Tenrecs are shrew-like (subfamily Oryzorictinae) or hedgehog-like (subfamily Tenrecinae) mammals endemic to Madagascar. Despite their looks and size, they neither share common ancestors with shrews nor with hedgehogs, but indeed with aardvarks, hyraxes and elephants. They comprise fossorial, terrestrial, arboreal and even aquatic species.
The Common Tenrec Tenrec ecaudatus is the largest and most prolific species with as many as 32 young per litter. Thanks to this enormous reproductive capacity, regular consumption of Common Tenrecs by local people does not appear to have a lasting impact on tenrec populations.
Both Common Tenrecs and the beatutifully black-and-yellow-striped Lowland Streaked Tenrecs Hemicentetes semispinosus have been filmed at Mitsinjo’s Analamazaotra forest for the BBC’s 2009 Madagascar documentary narrated by David Attenborough. Streaked Tenrecs are particularly interesting as they communicate by rubbing together specialised quills on their backs, producing high pitch ultrasound calls. You can view the corresponding sequence by clicking on the Lowland Streaked Tenrec Hemicentetes semispinosus below:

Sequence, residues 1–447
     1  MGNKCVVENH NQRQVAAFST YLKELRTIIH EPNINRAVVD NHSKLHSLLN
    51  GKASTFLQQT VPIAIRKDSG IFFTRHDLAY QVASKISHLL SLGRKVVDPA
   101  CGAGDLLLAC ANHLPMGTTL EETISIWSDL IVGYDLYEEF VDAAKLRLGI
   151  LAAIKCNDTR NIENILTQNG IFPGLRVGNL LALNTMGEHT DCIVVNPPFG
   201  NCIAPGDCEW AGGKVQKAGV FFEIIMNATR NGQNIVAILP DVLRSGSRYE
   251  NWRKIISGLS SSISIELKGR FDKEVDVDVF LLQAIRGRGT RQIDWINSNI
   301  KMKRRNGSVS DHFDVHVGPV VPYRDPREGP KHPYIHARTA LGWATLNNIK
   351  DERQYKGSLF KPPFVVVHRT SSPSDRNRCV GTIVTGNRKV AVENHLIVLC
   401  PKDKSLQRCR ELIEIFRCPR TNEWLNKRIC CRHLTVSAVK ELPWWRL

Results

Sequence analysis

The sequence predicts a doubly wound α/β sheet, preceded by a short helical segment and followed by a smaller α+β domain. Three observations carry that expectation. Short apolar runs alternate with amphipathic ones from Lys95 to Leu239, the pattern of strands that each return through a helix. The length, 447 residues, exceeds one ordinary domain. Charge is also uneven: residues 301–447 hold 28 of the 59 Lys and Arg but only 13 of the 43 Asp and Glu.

All species captured in pitfalls have been recorded and marked before release to identify them during subsequent capture events. For some species, spool-and-line tracking has been used to observe tenrec habits and record characteristics of nesting burrows. Captured tenrecs were harnessed with a specialized line between their shoulders. The line automatically reels off as the animals move through the undergrowth, revealing the animals’ movements.